Perhaps this priming of my prayer life is happening “for such a time as this.” I hope you will join me in audaciously bold and faithful prayers during these uncertain times…for those with the virus, for their caretakers and loved ones, for essential workers, for those out of work, for small business owners, for those with children, etc…

Thanks for reading! If you don’t mind sharing, which prayer category do you fall under? Do you ever pray out loud? How are you doing, really? Let me know in the comments.

23 comments

  1. I believe during the time of caring for my Mom, the Lord taught me nearer to praying unceasingly and with more fervency than ever before. I’ve always enjoyed and guarded time with the Lord. Yes, I do at times pray out loud but mostly I write my prayers. And yes, let’s join our hearts and minds in prayer for this time we are in together.Prayer not only brings us together with the Lord but with each other. God Bless You.

    Liked by 5 people

  2. Praise God for the work He is doing in your prayer life. That’s the good news, the Lord is the faithful one even through all the years of my lackadaisical prayer life He never gave up on me. May God continue to bless you through the Psalms!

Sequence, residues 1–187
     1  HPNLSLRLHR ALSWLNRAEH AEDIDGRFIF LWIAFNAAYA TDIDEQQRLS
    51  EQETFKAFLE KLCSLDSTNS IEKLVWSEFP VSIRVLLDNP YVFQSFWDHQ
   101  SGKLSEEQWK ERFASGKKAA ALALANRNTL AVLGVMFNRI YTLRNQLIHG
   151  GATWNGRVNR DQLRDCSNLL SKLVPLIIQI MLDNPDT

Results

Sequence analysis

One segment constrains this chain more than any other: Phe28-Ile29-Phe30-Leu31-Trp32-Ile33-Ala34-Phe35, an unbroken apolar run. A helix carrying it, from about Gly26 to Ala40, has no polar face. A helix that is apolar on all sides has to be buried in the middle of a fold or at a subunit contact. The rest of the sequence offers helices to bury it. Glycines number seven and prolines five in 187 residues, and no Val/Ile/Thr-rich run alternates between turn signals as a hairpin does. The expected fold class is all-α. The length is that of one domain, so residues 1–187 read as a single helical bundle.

Reading the Bible is a great jump starter for prayer life. May He do that work in all of us.
    Thanks for sharing this!

    Liked by 2 people

  3. Great testimony, Lily! The Psalms are a great way to learn how to pray.

    My personal prayer, most of the time, is informal conversational with God, ongoing throughout the day. I do more focused prayer during my daily devotions. Of course, also pray more formally in ministry situations.

    I find that prayer keeps my heart and mind in sync with God and helps me not to forget who I am, and whose I am in Christ.

    Liked by 2 people